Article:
Figure 2. Relapse-free survival curves according to inflammation-related indexes. Significant differences were observed in LC (p=0.0023), NLR (p=0.0233), LMR (p=0.0219), PLR (p=0.0019), and mGPS (p=0.0024). LC: Lymphocyte count; NLR: neutrophil/lymphocyte ratio; LMR: lymphocyte/monocyte ratio; PLR: platelet/lymphocyte ratio; mGPS: modified Glasgow Prognostic Score.
The current study analysed whether several factors upon adjuvant chemotherapy initiation after radical resection could be predictive of disease relapse given that the cancer cells in most patients who develop relapse after radical resection have already potentially spread beyond the radical resection area at the time of surgery. Therefore, once the inflammatory reaction due to surgical stress subsides, some difference should be observed between cases whose cancer cells had been completely removed and those with potentially remaining cancer cells.
Given that cancer cells are generally recognised as foreign to the host, some type of inflammatory response should be induced (25-27). The current study hypothesized that inflammation-related indexes should differ depending on the presence or absence of cancer cells as described above. Moreover, only patients who received an oxaliplatin-based regimen, which is the most widely recommended adjuvant chemotherapy for CRC, were enrolled herein to control for the effects of treatment on residual cancer cells. A comparison of the inflammatory markers between the nine cases with residual cancer cells after surgery and other cases showed significant differences in some markers, including LC, NLR, PLR, and mGPS. Thereafter, cut-off values for the inflammatory markers were calculated and examined to determine whether they would be predictive factors for RFS.
Although univariate analysis showed that some markers of inflammation and early discontinuation of adjuvant chemotherapy were risk factors for recurrence, factors including LMR 5.15, PLR ≥209, and mGPS 2 were identified as independent risk factors for poor RFS following multivariate analysis.
Yang et al. reported that PLR before receiving adjuvant chemoradiotherapy was an independent prognostic factor for overall survival (OS) after analysing 220 cases with stage III/IV CRC (16). In general, platelets are involved in the proliferation of tumour cells and angiogenesis, and cancer cells enhance platelet aggregation (28, 29). Owing to these interactions, PLR might be elevated in a cancer-bearing host.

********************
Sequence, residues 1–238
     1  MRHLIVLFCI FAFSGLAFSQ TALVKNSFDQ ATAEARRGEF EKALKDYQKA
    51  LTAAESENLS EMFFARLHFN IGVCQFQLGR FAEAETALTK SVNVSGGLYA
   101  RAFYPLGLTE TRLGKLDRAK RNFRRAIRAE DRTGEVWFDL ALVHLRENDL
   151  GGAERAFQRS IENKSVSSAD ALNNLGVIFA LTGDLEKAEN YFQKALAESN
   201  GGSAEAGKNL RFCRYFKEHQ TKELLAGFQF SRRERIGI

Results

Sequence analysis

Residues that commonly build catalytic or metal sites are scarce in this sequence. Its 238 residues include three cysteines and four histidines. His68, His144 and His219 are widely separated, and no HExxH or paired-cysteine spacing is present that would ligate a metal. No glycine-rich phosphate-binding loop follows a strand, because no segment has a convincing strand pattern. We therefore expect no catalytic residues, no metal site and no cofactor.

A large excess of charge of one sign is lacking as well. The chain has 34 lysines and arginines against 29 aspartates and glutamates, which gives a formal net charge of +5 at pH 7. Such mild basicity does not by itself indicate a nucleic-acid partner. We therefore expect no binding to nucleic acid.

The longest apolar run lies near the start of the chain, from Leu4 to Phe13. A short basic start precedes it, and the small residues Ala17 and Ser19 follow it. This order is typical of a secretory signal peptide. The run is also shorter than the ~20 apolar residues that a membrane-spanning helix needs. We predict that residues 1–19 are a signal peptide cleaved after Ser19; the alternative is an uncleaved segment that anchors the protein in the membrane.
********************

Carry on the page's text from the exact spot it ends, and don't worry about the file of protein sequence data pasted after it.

A recent meta-analysis indicated that a low LMR is associated with poor survival in patients with CRC (15). Monocytes can induce tumour migration and invasion, as well as directly promote cancer cell growth (30, 31). Additionally, tumour-associated macrophages developed from circulation monocytes suppress adaptive immunity and promote angiogenesis and tumour migration (32). An increase in monocytes, in other words low LMR, might indicate the presence of metastatic tumour cells.
Several reports have demonstrated that mGPS was a useful prognostic index for CRC despite being a simple index obtained from serum CRP and Alb levels (33-35). Serum CRP levels generally increase after surgery and become negative once surgical intervention-induced inflammation subsides. In other words, CRP levels should be negative upon adjuvant chemotherapy initiation. Patients with high CRP and low Alb upon adjuvant chemotherapy initiation might have remaining metastatic tumour cells outside the resection area after surgery.
Our findings showed that LMR, PLR, and mGPS upon adjuvant therapy initiation were predictive factors for RFS, which agrees with our initial hypothesis that some inflammatory-based markers should be predictive of the presence or absence of potential metastases after radical surgery. Although this study obtained novel and significant results, several limitations are worth noting. First, given that this study was retrospective in nature, selection bias may have influenced our results. However, consecutive cases were used in this study. Second, only a limited number cases were included in this study given that it was conducted at a single institution. Data from previous clinical trials or prospective studies with a higher number of cases will be required. Finally, OS was not analysed in this report. Given that CRC can potentially be cured by R0 resection despite detection of recurrent disease and progression of chemotherapy after recurrence, a longer observation period is needed. Therefore, longer observation periods are required to determine whether the identified indexes can be used as prognostic factors for OS.
In conclusion, this novel study demonstrated that LMR, PLR, and mGPS upon adjuvant therapy initiation after curative resection for stage II/III CRC were significant indicators for RFS. Larger prospective studies are warranted for the validation of the preliminary results obtained in the present study.
All Authors have no conflicts of interest in relation to this study.
Satake M and Yoshimatsu K contributed to planning this study, analyse the data and prepare the manuscript. Sagawa M helped with the statistical analyses. Yokomizo H and Shiozawa S supervised this study.
The Authors would like to thank enago (https://www.enago.jp) for English language editing.